Blog

They Ask, You Answer: Read this book.

Feb 2, 2018

They ask, you answer

It’s rare that I find a business book I literally can’t put down, but “They Ask You Answer” by Marcus Sheridan is one of those.

I bought it at CMA Live last year (June 2017) and as Marcus himself was another one of the speakers at the event, I had him sign it for me.

Then it sat there, on my bookshelf, waiting to be read. It actually journeyed with me to the Isle of Mull, America, and a few other exotic locations, but it always felt like hard work picking up a ‘business book’ when I was trying to get a break.

Finally, last week on the train from Manchester to Edinburgh, I decided I would at least read the first few chapters…and I couldn’t put it down. I actually wished that the train ride would be longer so I could make sure to finish it before I got home.

I’ve recommended to all of our Marketing Masterclass members that they read it before the first session (or at a minimum read the first few chapters).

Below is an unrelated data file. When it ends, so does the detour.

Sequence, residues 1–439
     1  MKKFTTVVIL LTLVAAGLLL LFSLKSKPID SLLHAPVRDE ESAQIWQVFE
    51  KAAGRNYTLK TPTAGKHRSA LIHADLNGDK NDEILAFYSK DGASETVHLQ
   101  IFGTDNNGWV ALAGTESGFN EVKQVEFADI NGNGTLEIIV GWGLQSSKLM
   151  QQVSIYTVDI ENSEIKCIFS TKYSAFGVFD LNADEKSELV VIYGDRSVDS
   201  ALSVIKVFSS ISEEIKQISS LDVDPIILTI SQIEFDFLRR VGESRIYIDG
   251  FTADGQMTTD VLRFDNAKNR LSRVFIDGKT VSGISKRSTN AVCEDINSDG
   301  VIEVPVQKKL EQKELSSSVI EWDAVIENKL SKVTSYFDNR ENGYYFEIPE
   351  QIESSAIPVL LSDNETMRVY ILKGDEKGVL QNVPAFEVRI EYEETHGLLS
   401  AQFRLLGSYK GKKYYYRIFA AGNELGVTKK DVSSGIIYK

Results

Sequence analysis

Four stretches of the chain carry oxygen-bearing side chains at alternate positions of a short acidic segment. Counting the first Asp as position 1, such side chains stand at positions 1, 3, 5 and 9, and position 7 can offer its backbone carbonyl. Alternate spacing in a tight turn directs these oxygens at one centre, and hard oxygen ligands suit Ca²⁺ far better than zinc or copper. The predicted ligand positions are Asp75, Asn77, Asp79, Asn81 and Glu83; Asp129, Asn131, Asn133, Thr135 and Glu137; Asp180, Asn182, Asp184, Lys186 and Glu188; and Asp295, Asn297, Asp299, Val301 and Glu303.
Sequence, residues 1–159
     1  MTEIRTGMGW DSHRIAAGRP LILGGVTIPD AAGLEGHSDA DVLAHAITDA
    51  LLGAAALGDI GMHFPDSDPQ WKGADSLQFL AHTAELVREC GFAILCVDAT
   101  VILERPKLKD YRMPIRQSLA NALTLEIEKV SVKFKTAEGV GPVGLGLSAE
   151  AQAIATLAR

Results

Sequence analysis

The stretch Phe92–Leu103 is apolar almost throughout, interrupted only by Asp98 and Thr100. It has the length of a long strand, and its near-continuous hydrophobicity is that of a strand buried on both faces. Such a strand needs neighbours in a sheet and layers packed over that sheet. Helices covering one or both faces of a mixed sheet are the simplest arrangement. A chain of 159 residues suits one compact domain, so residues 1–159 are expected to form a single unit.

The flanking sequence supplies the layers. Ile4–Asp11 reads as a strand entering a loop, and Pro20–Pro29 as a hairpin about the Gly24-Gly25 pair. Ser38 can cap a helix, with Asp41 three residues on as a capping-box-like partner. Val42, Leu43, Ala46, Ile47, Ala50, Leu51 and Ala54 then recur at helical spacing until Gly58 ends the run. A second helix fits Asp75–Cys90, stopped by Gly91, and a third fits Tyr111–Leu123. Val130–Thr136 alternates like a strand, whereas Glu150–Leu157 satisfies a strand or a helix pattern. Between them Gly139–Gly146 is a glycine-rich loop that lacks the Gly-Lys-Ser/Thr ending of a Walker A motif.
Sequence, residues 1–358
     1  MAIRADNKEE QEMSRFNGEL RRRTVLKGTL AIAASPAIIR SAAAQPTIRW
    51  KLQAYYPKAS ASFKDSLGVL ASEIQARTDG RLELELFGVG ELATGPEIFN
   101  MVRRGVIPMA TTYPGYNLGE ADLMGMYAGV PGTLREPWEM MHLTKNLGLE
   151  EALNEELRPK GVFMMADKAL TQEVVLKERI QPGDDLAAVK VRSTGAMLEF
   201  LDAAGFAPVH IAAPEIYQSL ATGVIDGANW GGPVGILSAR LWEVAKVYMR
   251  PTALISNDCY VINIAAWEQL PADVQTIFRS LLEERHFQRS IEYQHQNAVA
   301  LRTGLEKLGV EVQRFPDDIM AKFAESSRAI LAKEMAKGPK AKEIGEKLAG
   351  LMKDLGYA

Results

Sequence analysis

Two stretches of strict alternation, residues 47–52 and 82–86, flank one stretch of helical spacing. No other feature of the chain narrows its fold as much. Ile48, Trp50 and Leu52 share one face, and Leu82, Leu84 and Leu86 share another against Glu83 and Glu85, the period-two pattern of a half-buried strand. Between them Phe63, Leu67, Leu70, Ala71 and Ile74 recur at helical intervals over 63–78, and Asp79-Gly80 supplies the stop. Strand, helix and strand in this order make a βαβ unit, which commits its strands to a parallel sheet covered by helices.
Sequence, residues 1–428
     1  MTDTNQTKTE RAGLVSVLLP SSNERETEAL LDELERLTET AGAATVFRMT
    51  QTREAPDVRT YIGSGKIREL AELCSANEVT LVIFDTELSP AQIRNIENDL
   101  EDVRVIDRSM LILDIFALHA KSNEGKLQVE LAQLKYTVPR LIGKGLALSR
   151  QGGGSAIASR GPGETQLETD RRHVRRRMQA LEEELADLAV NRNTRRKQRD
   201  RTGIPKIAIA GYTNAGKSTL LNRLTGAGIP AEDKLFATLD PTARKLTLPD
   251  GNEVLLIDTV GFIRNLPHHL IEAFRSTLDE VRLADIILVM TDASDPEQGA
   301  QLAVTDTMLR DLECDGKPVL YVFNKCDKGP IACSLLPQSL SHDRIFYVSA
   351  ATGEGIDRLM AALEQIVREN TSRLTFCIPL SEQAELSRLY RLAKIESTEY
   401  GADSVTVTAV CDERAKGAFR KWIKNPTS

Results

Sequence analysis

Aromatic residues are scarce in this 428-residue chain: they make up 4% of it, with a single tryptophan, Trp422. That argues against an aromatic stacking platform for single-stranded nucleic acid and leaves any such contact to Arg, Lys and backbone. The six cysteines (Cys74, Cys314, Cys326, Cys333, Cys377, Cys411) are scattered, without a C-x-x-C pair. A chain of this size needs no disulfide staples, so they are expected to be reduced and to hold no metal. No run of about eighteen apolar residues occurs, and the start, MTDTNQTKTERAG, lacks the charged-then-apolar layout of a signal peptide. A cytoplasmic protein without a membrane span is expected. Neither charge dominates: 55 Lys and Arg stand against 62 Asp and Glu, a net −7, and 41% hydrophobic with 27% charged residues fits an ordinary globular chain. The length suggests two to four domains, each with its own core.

It does an amazing job of actually explaining what content marketing is:

They ask you answer quote

If you’re struggling with content marketing – either the concept, or the doing of it, or the results – it most likely stems from a misunderstanding of what content marketing is actually there to do.

Because this book encapsulates what I believe, have preached, and have done with content marketing for the past six years, ever since I set up The Profitable Firm, I recommend you read it.

Here are a few snippets to encourage you, and get you excited again about content marketing. I’ve applied what’s shared in the book specifically to accountants:

“The line between ‘sales’ and ‘marketing’ has been completely blurred, if not totally erased.”

This has long been a misunderstanding amongst accountants, looking at “marketing” as an expense to get the leads, and “sales” as turning those leads into buyers.

Now, it’s time to look at them as one combined effort, from a vague connection with your firm all the way through to the first step of the onboarding process.  

“On average, 70 percent of the buying decision is made before a prospect talks to the company.”